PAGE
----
While Paul was waiting for them in Athens, he was greatly distressed to see that the city was full of idols.
Paul followed a general pattern as he traveled. Upon entering a city, he would go first to the local Jewish synagogue. At some point, he would explain from the Scriptures about Jesus, the Messiah. Some Jews and Godfearing Gentiles would come to faith, but others would oppose Paul and stir up crowds against him as he taught in the marketplace.
To quiet the mobs and stay safe, Paul often had to leave, and the pattern would repeat when he went to another town. In Acts 17 we see a change in the pattern, though. Paul went to Athens while Silas and Timothy stayed in Berea a little longer.
In Athens, Paul went to the synagogue and then to the marketplace, and some philosophers brought him to the Areopagus, where ideas were debated. Paul took this opportunity to draw people’s attention to the “unknown God” that was mentioned on an altar nearby. Paul was “greatly distressed” at seeing so many idols in Athens, and he wanted to tell everyone about the true God whom they all needed to know.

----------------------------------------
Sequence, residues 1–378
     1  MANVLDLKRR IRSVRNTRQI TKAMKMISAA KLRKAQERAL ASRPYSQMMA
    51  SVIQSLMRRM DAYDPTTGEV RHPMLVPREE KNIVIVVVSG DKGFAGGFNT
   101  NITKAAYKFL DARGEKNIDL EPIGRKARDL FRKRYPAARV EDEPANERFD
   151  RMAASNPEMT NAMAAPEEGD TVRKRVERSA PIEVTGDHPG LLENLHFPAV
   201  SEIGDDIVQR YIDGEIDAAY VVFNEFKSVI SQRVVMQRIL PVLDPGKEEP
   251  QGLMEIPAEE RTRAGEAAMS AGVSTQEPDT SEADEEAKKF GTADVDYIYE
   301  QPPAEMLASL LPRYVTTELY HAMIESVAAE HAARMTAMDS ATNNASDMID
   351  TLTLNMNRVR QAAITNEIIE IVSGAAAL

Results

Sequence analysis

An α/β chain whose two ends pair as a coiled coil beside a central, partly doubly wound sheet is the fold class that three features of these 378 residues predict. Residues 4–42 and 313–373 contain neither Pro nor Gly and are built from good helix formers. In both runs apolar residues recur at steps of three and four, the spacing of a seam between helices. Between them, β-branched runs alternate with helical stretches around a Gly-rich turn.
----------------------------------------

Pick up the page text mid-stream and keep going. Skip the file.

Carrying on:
When was the last time your heart was troubled in this way? We live in a world of idols today too. The idols of social networks, technology, individualism, materialism, greed, money, power, and so much more are all around us. We can follow Paul’s pattern of engagement, but we also need a distressed heart—in tune with God’s love for the world.
Dear God, may our hearts long for everyone to know you as Creator, Redeemer, and Sustainer. Amen.
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